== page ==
States counterplans are not a cop-out, "we-like-this-plan-but-we-have-to-argue-against-it" strategy. Simply put, there are lots of things that should be done on a state level, not the federal level. The 10th Amendment of the U.S. Constitution reads:

"The powers not delegated to the United States by the Constitution, nor prohibited by it to the States, are reserved to the States respectively, or to the people."

In other words, many federal solutions are unconstitutional (by overstepping the authority granted to the Federal Government.) Besides the constitution, local control has many other potential advantages, such as easier adaption to regional diversity.

All this is merely to say that when you run a states counterplan you're raising a really important issue - not just grasping at straws so you have something to argue.

Extend-o-tron 5000: Competing with the Affirmative

States counterplans are in an interesting position, because they don't compete with the Affirmative in a direct, conventional way. Let me quickly recap the idea of competition.

In order for a counterplan to be a voting issue, it needs to "compete" with the Affirmative - that is, provide a reason to reject the resolution. It can't just be "another nice idea." In practice, this means that the counterplan alone must be better than both the counterplan and the Affirmative plan (otherwise, you could just implement them both, and there's no reason to reject the resolution.) Conventionally, there are two ways to achieve competition: 1) make the plans mutually exclusive (so you can't have them both at the same time), or 2) run disadvantages against the Affirmative plan. In many cases, states counterplans can go with #2 - if it's clear that the Affirmative plan is unconstitutional, you can just argue that the Federal solution is bad and the states solution is good.

There's another type of competition, however, which is rarely discussed: "competition through irrelevancy". A vast body of legal cases (see, i.e., Prigg v. Pennsylvania) have held that federal laws override state laws under Article VI of the U.S. Constitution. If the judge enacts both the Affirmative plan and the counterplan, the Affirmative (Federal) plan will take precedence.

In other words, if the judge decides to implement both plans, he/she is really deciding to implement only the Affirmative plan. The counterplan just disappears from the picture.

Comments (12) Trackbacks (0)
  1. Good thoughts, but could you give us an example of what a state’s counterplan looks like?

    • Basically what it says in the post – the plan text is “the 50 states do this instead of the federal government”, and the justifications are usually constitutionality. It’s something you can make up on the fly if you have a constitutionality generic like the ones in COG (although pre-scripting it can be helpful.)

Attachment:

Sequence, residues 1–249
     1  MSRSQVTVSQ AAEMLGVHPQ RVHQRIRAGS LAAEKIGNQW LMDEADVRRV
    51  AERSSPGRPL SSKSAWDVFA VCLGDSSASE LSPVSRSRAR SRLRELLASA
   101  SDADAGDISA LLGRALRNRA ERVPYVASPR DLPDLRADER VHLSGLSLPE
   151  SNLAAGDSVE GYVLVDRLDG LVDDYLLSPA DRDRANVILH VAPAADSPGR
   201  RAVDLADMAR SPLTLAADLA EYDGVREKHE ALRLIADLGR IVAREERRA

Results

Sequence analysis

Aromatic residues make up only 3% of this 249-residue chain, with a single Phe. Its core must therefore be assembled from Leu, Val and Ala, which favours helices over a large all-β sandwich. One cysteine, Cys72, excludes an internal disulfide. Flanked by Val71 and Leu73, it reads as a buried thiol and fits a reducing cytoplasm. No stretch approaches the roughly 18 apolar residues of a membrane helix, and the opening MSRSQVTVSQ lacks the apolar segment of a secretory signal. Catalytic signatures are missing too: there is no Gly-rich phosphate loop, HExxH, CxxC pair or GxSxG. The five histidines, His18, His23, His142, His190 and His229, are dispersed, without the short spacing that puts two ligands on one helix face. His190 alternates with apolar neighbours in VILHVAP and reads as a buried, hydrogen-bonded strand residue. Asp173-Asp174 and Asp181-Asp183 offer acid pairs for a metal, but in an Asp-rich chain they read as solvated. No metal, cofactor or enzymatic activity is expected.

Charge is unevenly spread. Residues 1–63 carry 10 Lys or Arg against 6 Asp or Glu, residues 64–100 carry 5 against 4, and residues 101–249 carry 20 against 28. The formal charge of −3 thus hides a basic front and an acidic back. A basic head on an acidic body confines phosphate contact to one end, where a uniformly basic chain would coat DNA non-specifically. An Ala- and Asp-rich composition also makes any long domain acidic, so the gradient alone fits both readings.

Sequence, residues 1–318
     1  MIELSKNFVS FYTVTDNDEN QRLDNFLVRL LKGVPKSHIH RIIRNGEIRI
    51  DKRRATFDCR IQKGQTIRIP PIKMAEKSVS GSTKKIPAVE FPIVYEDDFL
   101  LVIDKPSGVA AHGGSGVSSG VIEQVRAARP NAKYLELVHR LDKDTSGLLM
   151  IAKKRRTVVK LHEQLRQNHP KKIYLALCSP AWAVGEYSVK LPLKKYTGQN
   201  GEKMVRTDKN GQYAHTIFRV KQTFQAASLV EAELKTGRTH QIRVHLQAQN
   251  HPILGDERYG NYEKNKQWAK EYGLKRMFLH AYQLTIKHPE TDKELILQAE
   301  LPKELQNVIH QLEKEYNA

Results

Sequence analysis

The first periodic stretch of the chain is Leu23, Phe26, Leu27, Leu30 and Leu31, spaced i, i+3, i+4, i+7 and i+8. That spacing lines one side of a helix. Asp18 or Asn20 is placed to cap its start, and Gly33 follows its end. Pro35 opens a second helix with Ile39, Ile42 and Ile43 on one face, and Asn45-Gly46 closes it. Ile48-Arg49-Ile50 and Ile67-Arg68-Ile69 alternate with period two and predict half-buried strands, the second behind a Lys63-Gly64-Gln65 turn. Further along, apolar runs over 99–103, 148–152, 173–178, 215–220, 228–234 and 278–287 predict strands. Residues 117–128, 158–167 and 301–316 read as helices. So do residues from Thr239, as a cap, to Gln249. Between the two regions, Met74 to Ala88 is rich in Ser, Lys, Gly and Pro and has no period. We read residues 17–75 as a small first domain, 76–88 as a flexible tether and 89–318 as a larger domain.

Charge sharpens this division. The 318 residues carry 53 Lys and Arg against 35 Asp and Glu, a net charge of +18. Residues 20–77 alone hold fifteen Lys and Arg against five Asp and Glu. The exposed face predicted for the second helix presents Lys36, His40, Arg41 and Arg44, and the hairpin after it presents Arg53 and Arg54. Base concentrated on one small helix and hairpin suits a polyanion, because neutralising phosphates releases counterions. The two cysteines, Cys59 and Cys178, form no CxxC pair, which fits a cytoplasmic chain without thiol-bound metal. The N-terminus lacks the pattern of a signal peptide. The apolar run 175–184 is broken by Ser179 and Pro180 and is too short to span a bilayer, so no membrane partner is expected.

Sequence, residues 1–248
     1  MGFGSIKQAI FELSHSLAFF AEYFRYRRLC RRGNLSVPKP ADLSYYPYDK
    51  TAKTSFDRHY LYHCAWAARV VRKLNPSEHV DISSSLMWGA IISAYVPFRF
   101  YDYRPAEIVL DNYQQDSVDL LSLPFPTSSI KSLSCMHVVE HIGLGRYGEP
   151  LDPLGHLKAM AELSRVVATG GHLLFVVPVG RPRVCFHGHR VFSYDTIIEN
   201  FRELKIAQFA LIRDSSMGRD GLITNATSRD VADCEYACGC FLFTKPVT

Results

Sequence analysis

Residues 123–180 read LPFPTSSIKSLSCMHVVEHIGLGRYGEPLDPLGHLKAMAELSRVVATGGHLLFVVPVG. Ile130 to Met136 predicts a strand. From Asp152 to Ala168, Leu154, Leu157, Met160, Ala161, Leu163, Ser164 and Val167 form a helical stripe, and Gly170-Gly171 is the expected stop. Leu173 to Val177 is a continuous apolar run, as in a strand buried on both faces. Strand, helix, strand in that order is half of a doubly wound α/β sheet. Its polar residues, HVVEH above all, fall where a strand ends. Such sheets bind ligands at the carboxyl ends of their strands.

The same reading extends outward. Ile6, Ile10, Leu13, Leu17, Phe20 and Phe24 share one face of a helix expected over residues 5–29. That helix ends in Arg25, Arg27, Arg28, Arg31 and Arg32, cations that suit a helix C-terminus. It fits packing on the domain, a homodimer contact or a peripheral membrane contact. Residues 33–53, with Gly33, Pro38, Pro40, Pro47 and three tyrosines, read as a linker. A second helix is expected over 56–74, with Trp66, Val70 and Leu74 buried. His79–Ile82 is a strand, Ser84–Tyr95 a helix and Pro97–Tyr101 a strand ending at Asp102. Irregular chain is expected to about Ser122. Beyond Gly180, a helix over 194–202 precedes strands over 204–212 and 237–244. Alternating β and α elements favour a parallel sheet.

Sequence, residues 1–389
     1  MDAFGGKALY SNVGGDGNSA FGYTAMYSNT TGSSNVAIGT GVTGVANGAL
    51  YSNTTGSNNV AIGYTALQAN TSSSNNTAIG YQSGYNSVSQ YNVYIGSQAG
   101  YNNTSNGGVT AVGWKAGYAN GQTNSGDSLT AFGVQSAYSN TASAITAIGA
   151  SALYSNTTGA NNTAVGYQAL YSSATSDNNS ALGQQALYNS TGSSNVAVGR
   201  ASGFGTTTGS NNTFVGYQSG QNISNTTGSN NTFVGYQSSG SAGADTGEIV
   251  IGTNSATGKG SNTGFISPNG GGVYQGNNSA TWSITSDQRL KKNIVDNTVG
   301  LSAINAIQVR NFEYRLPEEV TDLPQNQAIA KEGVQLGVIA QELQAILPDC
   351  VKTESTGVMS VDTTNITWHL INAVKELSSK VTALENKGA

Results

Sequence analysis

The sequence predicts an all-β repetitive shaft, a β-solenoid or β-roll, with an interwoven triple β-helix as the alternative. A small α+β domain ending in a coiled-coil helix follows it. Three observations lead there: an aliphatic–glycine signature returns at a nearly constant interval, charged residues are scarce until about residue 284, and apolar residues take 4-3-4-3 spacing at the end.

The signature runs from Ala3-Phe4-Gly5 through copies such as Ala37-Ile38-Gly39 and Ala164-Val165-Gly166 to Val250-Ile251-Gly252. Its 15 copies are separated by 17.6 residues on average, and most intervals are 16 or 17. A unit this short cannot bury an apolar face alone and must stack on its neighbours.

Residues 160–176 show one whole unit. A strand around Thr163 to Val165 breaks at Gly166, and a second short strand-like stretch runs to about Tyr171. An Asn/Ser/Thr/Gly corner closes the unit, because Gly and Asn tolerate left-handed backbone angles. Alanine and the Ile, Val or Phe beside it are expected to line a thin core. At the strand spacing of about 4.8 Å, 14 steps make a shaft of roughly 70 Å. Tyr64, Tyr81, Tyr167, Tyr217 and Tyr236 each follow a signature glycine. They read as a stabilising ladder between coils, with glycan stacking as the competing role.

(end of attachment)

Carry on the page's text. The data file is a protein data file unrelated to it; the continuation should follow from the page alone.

Justification: Constitutionality
      Link 1: No Federal Power – Aff’s plan doesn’t fit under any of the powers in Article 1, Section 8
      Link 2: Reserved For States – 10th amendment therefore reserves it for the states
      Impact: Plan Is Illegal – the constitution is the supreme law of the land (or whatever)

      Counterplan Text
      Mandate: The 50 states shall implement the Aff’s plan instead of the Federal government.
      Topicality: The resolution requires the Federal Government to act, so we do not uphold it.
      Competition: Voting for the Aff plan would be unconstitutional, so you should vote Negative for only the counterplan.

      Advantages
      Uphold the constitution

  2. Here are my thoughts on the States CP. The Federal CJS and the States CJS are arguably 51 different systems. Yes the States can all unite and reform all of their Criminal Justice Systems, but it still leaves the Federal CJS lacking the same reform. Arguably if the reform makes sense we should reform all 51 systems (there is the argument that all of these are different and we can’t just make the same reform over all of them, though.) It seems because of that, the plan just does not have competition with the Aff, unless the Aff is creating an agency of soem kind in which instance it might make sense.

    • CJS states counterplans only compete when there is overlap. Where there are two entirely separate jurisdictions, the CP doesn’t compete. For example:

      AFF: “Prisons have problems. Let’s fix them.” NEG: “Let’s fix the state prisons instead.” (not competitive, because that doesn’t solve for the federal prisons)